Historically, there are no boundary disputes between spirituality and science, unlike religion and science, he added. Hence, today, social scientists to the extent that they orient themselves to the sacred may be even more attached to spirituality than natural scientists, said Yamane.
The study results reflect the search by academics for meaning outside of science, said Ecklund. Spirituality is a way to remind oneself that there is something outside the utilitarian entrance to the academy, she said.
Theyre managing each project, getting grants, publishing articles, teaching and they need something to feel like they are not just cogs in a big machine, Ecklund said, adding that scientists seem to want to keep their research and their spiritual and religious lives separate. But when it comes to teaching, things are more fuzzy, she said. Particularly in the social sciences where were discussing society and how people behave the students will bring up these issues, and the faculty member will have to figure out how to engage.
By not taking into account a populations religious or spiritual experience, the social scientists concept of the group will be incomplete, said Carole Rayburn, a clinical psychologist in Silver Springs, Md., who also holds a masters degree in divinity.
If sociologists who are dealing with whole populations leave out the religious or theological side, then they are looking at a more barren, less warm, less sanguine situation. They are not getting perhaps the full idea of what it means to be caring for humanity, caring for others, she said. Rayburn said she believes there is an essential interplay between the social sciences and the observable world, a theory she called theobiology.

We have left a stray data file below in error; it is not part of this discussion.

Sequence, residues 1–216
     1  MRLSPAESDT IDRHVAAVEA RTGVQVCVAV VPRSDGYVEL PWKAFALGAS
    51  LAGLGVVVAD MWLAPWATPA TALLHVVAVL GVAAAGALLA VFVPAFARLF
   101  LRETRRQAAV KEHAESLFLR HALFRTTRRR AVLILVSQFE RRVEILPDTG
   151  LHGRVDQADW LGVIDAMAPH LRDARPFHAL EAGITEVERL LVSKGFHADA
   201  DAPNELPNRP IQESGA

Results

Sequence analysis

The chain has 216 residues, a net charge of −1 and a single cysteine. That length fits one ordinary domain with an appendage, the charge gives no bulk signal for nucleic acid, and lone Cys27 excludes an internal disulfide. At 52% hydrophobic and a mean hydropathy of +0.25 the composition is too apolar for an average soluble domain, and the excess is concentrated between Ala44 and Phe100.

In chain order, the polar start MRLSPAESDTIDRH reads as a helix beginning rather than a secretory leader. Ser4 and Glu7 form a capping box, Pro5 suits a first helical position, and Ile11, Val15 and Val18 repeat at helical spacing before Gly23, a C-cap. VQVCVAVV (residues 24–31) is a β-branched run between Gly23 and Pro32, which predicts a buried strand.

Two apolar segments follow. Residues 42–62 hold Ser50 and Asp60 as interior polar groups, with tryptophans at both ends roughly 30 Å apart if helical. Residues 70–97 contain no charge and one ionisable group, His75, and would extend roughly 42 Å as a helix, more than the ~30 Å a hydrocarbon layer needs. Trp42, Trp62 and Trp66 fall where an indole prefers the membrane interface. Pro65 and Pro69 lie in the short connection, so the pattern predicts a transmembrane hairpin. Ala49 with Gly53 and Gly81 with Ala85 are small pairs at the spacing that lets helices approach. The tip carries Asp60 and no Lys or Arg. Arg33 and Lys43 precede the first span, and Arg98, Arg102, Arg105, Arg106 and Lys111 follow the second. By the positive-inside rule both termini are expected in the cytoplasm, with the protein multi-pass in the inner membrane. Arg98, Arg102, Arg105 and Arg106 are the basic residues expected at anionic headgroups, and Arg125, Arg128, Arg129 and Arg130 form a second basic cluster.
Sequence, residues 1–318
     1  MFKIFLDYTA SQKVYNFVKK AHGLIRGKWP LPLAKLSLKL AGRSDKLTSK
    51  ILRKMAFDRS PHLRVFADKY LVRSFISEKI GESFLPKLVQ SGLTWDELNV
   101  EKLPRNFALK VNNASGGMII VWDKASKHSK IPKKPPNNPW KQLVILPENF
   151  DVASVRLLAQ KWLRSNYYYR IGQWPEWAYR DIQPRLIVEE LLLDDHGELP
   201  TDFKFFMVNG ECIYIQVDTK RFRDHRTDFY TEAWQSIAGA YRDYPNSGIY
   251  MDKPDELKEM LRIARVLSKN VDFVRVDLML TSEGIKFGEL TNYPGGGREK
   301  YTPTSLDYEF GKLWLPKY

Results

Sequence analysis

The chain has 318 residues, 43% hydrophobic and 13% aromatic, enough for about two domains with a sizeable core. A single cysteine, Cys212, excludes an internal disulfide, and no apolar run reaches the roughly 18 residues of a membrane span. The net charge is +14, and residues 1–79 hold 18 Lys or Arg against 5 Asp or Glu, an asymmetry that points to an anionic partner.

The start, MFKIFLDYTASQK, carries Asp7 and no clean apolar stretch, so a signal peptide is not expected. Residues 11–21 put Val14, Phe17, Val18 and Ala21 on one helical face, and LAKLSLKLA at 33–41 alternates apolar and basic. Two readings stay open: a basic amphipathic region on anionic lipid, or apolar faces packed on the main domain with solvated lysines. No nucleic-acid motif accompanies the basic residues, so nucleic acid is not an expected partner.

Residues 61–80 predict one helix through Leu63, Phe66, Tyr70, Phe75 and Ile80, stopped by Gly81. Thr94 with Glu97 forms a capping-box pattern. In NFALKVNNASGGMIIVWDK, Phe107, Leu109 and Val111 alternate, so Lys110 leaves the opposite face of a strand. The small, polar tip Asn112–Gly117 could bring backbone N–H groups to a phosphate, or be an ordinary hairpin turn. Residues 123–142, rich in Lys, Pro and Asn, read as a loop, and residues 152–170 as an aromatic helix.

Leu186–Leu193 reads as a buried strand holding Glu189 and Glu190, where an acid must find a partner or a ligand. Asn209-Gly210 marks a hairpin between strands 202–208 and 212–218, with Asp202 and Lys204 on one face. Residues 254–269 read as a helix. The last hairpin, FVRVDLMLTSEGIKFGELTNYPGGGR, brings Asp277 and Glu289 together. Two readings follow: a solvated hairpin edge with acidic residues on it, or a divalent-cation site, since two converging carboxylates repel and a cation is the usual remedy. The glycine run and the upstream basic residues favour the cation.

Every scientist believes in something intangible, said Rustum Roy, Professor of Science Technology, and Society Emeritus at Pennsylvania State University. How can a physicist come up with his real dreams about string theory if he doesnt go inward?
Roy said that on a fundamental level, religion is about taking action. In contrast, he said, science demands no behavior toward society or other humans.
Old ways no longer work
Finding ways to incorporate spirituality in research is one of the biggest challenges we face, said Margaret Benefiel, a lecturer in interdepartmental studies at Andover Newton Theological School in Newton, Mass.
There are prescribed research methodologies for scientists, said Benefiel. Often when they follow the standard research methods, they find that there is not space for spirituality, she said. We cant just use the old template of one research methodology that worked for science 50 years ago, that doesnt work when were looking at spiritual issues, said Benefiel, also CEO of ExecutiveSoul.com, an organization that trains leaders to make better decisions through spiritual leadership.
I think in the 1950s, it would have been hard for a sociologist to use their own religious experiences to give them insight into data, said Schmalzbauer. I think that would have been less acceptable then than it is now.
Ecklund is now conducting several hundred one-hour-long interviews with a subset of the respondents to explore the religious and spiritual tendencies of scientists in greater depth. Following the interview phase of the research, Ecklund said she plans an in-depth analysis of scientists affinity to spiritual and religious practices.
sense so far with this group is that spirituality may be more important
to them than traditional measures of religiosity, and that is in just
the beginning stages of analyzing the survey, said Ecklund.
Source: Science & Theology News